I am a crumble convert.
I’m used to making double-crusted pies, which involve a warm fruit filling sandwiched between two buttery crusts. Crust is my favorite part of pie, so it just makes sense.
But streusel topping is my favorite part of fruit crumbles and crisps. (Not to be confused with buckles, grunts, slumps, and other fruit desserts that sound unattractive.)
Pecan pie feels like the epitome of Thanksgiving. Not that it’s the epitome of my Thanksgivings, as I’ve only ever had it on Thanksgiving once–last year, in fact–but there’s something about it that seems so quintessentially Thanksgiving. The pecans, molasses, brown sugar, and vanilla all bring rich, warm flavors to the pie–flavors that, when combined with the eggs, butter and corn syrup, result in a dark, nutty pie, the perfect indulgence to cap off an evening of overeating.
Cheesecake can be such a production. Springform pan, two pounds of cream cheese, water bath, accompanying toppings and/or sauces. If you want to make a tall, impressive cheesecake that serves sixteen, that’s great (and please invite me over). But I only ever want to make a simple cheesecake–something my two-person household is capable of finishing in a reasonable amount of time. Cheesecake is my favorite dessert and I won’t go through a rigmarole every time I want to make it. So I reject the idea that cheesecake must be baked in a springform pan.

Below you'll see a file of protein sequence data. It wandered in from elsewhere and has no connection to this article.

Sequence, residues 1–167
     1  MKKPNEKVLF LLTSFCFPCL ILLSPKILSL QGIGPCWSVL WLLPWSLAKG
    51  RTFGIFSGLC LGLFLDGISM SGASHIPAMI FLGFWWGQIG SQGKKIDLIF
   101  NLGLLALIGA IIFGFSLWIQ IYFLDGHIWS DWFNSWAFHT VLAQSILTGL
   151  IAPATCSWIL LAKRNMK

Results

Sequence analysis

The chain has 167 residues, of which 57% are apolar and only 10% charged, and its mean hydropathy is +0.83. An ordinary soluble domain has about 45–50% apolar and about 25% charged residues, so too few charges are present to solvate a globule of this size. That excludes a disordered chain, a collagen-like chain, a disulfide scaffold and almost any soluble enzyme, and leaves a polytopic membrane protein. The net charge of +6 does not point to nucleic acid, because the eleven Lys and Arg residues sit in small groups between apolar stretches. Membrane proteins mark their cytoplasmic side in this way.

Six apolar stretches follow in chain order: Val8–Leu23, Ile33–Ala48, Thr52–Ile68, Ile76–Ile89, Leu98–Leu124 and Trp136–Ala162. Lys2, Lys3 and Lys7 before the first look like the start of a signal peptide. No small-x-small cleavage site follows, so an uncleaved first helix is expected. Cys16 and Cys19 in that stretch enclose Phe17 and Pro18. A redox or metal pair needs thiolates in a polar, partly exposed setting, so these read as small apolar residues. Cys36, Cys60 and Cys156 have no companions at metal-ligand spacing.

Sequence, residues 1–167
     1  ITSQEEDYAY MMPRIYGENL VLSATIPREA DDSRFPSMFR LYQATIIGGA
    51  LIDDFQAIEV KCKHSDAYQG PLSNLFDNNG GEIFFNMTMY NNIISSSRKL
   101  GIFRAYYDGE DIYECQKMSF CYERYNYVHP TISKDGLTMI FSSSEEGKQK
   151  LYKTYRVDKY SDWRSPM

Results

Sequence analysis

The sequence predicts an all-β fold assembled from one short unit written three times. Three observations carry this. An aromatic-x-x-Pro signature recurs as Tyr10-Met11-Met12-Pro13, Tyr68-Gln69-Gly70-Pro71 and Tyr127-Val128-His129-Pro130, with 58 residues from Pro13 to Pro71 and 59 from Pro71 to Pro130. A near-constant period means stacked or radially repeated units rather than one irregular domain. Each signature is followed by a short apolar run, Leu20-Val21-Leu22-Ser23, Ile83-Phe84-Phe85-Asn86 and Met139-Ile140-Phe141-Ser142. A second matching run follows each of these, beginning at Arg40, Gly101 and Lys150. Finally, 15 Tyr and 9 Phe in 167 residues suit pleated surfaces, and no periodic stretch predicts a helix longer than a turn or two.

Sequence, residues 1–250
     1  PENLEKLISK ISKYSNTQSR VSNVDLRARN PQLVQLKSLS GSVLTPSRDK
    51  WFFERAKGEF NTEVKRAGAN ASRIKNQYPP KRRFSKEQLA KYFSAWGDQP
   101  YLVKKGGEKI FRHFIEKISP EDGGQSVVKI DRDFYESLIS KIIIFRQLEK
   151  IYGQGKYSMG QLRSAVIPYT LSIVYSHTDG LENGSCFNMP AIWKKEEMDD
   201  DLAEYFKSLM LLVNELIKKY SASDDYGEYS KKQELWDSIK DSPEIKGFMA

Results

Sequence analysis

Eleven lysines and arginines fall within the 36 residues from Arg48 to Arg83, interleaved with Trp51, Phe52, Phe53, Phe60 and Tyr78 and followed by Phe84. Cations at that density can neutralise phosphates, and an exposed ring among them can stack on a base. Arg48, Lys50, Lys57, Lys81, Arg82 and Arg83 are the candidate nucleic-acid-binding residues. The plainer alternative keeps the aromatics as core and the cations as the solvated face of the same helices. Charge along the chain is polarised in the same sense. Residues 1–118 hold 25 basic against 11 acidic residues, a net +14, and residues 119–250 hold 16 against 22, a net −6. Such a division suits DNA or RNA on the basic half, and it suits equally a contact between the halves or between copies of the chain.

There are a lot of delicious cheesecake recipes, and this one certainly isn’t remarkable compared to many of those. This isn’t the cheesecake you make when you want to feed a crowd or impress people with presentation. But if you want cheesecake and nothing more, this is an excellent recipe to use. It’s simple and straightforward, and I’ve made it so often that I have the recipe memorized. This is baked in a nine-inch pie tin and serves (“serves”) eight in manageable, pie-sized wedges. It’s smooth and creamy like all cheesecake should be, and the tablespoon of vanilla ensures that there’s plenty of flavor to complement the cream cheese tang.
It may be September, but it’s still summer. My birthday falls on the first day of fall (puns), and knowing this I’m always a little sad when people disregard the summer in September. Pumpkin spice lattes may be all around us, but fall doesn’t begin until three weeks into September, and I prefer to give summer the respect it deserves. (Which, honestly, isn’t much, as summer is my least favorite season–all the more reason for me to wait until it really ends before I celebrate its demise.)